IBJNews

Homeless-aid group up and running in Indianapolis

Back to TopCommentsE-mailPrintBookmark and Share

A fast-growing national organization that gets homeless people involved in running is expanding to Indianapolis.

Back on My Feet, founded in Philadelphia in 2007, will launch its seventh chapter here Tuesday with an early-morning run along the Central Canal downtown. The organization has already landed several corporate sponsors, including the JW Marriott, White Lodging and others with a downtown presence. The Coalition for Homelessness Intervention and Prevention is also a sponsor.

Back on My Feet forms running teams at homeless shelters. Those participants who maintain attendance and a good attitude become eligible for the “Next Steps” program, which offers educational and job-training opportunities, as well as cash for “approved purchases or investments,” the organization’s website says.

Ten of the runners participating in Tuesday’s launch are homeless veterans and clients of Hoosier Veterans Assistance Foundation. “We are using every resource available to eliminate homelessness for those who have served our country, and our new partnership with Back on My Feet gives us another way to engage veterans in need and their families,” HVAF CEO Charles Haenlein said in a prepared statement. “It takes dedication, perseverance and strength to run a marathon, and these qualities, when matched with our HVAF career services and programs, will help our clients succeed in finding a job or a home and accomplishing the goals they have for themselves and their families.”

Back on My Feet grew out of a running club that founder Anne Mahlum formed with residents of a homeless shelter that was on her morning jogging route in Philadelphia. The not-for-profit now has chapters in Philadelphia; Washington, D.C.; Baltimore; Chicago; Boston; and Dallas.
 

ADVERTISEMENT

  • Getting involved
    This sounds like a great cause! How can i get involved from a volunteer standpoint? I live in the downtown area and i am a runner.

Post a comment to this story

COMMENTS POLICY
We reserve the right to remove any post that we feel is obscene, profane, vulgar, racist, sexually explicit, abusive, or hateful.
 
You are legally responsible for what you post and your anonymity is not guaranteed.
 
Posts that insult, defame, threaten, harass or abuse other readers or people mentioned in IBJ editorial content are also subject to removal. Please respect the privacy of individuals and refrain from posting personal information.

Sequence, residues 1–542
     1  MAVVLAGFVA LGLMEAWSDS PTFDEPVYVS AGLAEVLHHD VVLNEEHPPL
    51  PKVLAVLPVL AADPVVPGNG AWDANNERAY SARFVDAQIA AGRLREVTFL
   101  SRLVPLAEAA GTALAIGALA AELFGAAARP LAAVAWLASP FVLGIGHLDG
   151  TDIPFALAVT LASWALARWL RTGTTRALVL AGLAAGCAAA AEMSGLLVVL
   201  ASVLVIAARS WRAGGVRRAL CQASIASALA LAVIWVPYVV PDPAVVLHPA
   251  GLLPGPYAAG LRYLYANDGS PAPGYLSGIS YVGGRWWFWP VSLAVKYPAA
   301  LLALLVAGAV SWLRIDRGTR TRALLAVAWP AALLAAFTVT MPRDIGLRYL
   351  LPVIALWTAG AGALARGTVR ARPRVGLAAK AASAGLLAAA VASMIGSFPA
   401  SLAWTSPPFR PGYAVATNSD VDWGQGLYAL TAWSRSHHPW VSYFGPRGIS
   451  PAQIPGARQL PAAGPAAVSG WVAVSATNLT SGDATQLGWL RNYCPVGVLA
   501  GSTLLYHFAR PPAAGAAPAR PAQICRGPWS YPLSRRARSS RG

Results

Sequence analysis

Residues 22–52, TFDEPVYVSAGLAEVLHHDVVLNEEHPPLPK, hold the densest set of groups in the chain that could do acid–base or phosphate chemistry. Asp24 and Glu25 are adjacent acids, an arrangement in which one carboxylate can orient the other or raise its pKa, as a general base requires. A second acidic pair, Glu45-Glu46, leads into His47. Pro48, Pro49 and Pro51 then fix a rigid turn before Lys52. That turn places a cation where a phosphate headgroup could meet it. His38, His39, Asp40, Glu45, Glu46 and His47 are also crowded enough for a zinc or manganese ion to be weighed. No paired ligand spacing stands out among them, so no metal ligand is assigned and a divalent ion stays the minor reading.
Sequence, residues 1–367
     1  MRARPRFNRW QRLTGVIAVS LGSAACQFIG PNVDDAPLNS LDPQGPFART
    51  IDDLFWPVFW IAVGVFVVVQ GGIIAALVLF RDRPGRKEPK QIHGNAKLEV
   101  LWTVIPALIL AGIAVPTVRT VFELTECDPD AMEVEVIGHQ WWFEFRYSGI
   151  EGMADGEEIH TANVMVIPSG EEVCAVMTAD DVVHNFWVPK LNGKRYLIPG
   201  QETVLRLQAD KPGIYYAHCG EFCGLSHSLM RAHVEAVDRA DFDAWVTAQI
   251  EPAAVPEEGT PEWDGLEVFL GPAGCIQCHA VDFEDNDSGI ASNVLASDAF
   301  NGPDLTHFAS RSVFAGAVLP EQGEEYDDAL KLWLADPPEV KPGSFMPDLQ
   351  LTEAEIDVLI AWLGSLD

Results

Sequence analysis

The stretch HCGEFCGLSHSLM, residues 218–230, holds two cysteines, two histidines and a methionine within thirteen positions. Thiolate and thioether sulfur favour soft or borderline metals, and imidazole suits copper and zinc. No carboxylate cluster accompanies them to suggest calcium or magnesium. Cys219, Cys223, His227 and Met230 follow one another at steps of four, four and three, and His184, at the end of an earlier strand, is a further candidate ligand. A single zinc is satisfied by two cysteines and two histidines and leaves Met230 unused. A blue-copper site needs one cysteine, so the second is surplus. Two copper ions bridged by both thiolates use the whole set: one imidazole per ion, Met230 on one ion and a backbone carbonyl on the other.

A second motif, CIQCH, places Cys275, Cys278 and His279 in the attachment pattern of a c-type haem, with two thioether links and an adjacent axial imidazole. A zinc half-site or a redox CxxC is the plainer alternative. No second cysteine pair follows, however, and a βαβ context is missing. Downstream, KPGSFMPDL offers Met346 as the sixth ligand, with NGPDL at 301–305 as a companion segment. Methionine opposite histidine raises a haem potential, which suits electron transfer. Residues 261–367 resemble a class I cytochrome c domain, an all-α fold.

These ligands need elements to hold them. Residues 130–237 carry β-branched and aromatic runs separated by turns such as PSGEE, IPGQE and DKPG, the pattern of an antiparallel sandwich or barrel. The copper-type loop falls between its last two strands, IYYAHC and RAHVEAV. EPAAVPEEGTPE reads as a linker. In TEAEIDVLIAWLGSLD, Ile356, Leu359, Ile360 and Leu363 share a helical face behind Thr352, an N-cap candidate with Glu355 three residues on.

No solicitations, spamming or advertisements are allowed. Readers may post links to other informational websites that are relevant to the topic at hand, but please do not link to objectionable material.
 
We may remove messages that are unrelated to the topic, encourage illegal activity, use all capital letters or are unreadable.
 

Messages that are flagged by readers as objectionable will be reviewed and may or may not be removed. Please do not flag a post simply because you disagree with it.

Sponsored by
ADVERTISEMENT

facebook - twitter on Facebook & Twitter

Follow on TwitterFollow IBJ on Facebook:
Follow on TwitterFollow IBJ's Tweets on these topics:
 
Subscribe to IBJ
  1. I could be wrong, but I don't think Butler views the new dorm as mere replacements for Schwitzer and or Ross.

  2. An increase of only 5% is awesome compared to what most consumers face or used to face before passage of the ACA. Imagine if the Medicaid program had been expanded to the 400k Hoosiers that would be eligible, the savings would have been substantial to the state and other policy holders. The GOP predictions of plan death spirals, astronomical premium hikes and shortages of care are all bunk. Hopefully voters are paying attention. The Affordable Care Act (a.k.a Obamacare), where fully implemented, has dramatically reduced the number of uninsured and helped contained the growth in healthcare costs.

  3. So much for competition lowering costs.

  4. As I understand the proposal, Keystone would take on the debt, not the city/CRC. So the $104K would not be used to service the $3.8M bond. Keystone would do that with its share.

  5. Adam C, if anything in Carmel is "packed in like sardines", you'll have to show me where you shop for groceries. Based on 2014 population estimates, Carmel has around 85,000 people spread across about 48 square miles, which puts its density at well below 1800 persons/sq mi, which is well below Indianapolis (already a very low-density city). Noblesville is minimally less dense than Carmel as well. The initiatives over the last few years have taken what was previously a provincial crossroads with no real identity beyond lack of poverty (and the predictably above-average school system) and turned it into a place with a discernible look, feel, and a center. Seriously, if you think Carmel is crowded, couldn't you opt to live in the remaining 95% of Indiana that still has an ultra-low density development pattern? Moreover, if you see Carmel as "over-saturated" have you ever been to Chicago--or just about any city outside of Indiana?

ADVERTISEMENT